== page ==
The UN has often suffered from a ‘credibility’ issue because of its choice of appointments (see previous AIJAC blog post), and the latest appointment of Zimbabwean President Robert Mugabe by the UN World Tourism Organisation (UNWTO) as “Leader for Tourism” illustrates once again why.
That’s right, UNWTO has selected Mugabe despite the fact that he is widely accused of ethnic cleansing, rigging elections, terrorising opposition, suppressing media freedom and presiding over a collapsed economy (including destroying Zimbabwe’s once vibrant tourism sector). The appointment as a ‘Leader for Tourism’ becomes even more bizarre when it is recalled that Mugabe is under a travel ban! EU and US sanctions prevent Mugabe and his allies from travelling to EU countries.
Then again Mugabe’s appointment is not that surprising when you consider that Iran currently sits on the United Nations Commission on the Status of Women, and Libya was on the UN’s Human Rights Council in the midst of the Gaddafi regime’s attack on civilians.
However, the UNWTO’s move has shocked human rights campaigners, as the Guardian reported:
“Kumbi Muchemwa, a spokesman for the Movement for Democratic Change (MDC), said: ‘I can’t see any justification for the man being an ‘ambassador’. An ambassador for what? The man has blood on his hands. Do they want tourists to see those bloody hands?’
Meanwhile, British MP Kate Hoey, chair of the all-party parliamentary group on Zimbabwe, said: ‘It is an absolute scandal – and an affront to the people of Zimbabwe, who didn’t vote for Mugabe as their president but had him imposed because he used violence and the armed forces to hang onto power in defiance of the democratic will of the people of Zimbabwe…
‘The UN is losing credibility in this process. Does it think people should go to a country where the law is not obeyed? An MDC activist was murdered last Saturday. Zimbabwe is doing things which don’t encourage the arrival of tourists.’…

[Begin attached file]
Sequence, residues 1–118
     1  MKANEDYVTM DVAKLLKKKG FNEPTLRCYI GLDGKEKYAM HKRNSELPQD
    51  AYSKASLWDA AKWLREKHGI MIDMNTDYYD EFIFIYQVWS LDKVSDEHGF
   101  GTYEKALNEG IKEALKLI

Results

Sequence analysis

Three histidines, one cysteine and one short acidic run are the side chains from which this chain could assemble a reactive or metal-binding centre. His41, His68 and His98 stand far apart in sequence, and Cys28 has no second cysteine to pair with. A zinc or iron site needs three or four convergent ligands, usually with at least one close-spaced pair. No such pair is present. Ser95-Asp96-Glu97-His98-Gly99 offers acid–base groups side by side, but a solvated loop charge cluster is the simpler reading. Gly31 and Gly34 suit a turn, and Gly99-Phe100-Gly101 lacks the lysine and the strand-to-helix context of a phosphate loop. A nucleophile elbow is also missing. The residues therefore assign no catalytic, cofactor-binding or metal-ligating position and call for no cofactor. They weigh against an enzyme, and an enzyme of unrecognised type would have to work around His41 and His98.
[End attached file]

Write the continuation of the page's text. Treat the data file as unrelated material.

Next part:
‘It sends the wrong message to Mugabe that he is now acceptable to the international community. This is the same guy who last week was bashing gays and lesbians, who he says are worse than dogs.'”
Mugabe’s appointment is strange not only because he is accused of human rights abuses but also given that Mugabe is considered to have ruined the Zimbabwe tourism industry. John Makumbe, a politics professor at the University of Zimbabwe, told the Guardian of Mugabe’s appointment:
“I think it’s ridiculous because Zimbabwe is one of the countries least used by tourists…Tourism is at its lowest level because of the political and economic crises it’s gone through. Tourists really wish Victoria Falls was in another country, like South Africa… Robert Mugabe will do more damage to international tourism than good. His image is in tatters, his country is an international pariah.”
UNWTO later claimed that it has not awarded Mugabe and Zambian President Michael Sata an official title, but rather “an open letter which calls for them to support tourism as a means to foster sustainable development in their countries to the benefit of their people and consequently ask them to support the sector in this respect.”
Nevertheless, the move by UNWTO appears to undermine the UN’s commitment to human rights, as Mugabe can now claim that his UN honour is evidence that opponents and media have exaggerated the country’s problems.
Meanwhile, Zimbabwe has announced that it is training troops in advance of a Syrian peace keeping mission – presumably under UN auspices. That’s right, the UN apparently believes that the solution to the Assad regime using its armed forces to oppress and murder its own people is to send “peacekeepers” from the armed forces of another regime infamous for doing the same thing.
On this issue, noted Middle East commentator Michael Rubin writes in Commentary Magazine:
“I’m sure the Syrian people, in desperate need of protection from a regime gone wild whose forces rape and pillage, will be grateful the United Nations is sending a force best known for its rape and pillage.”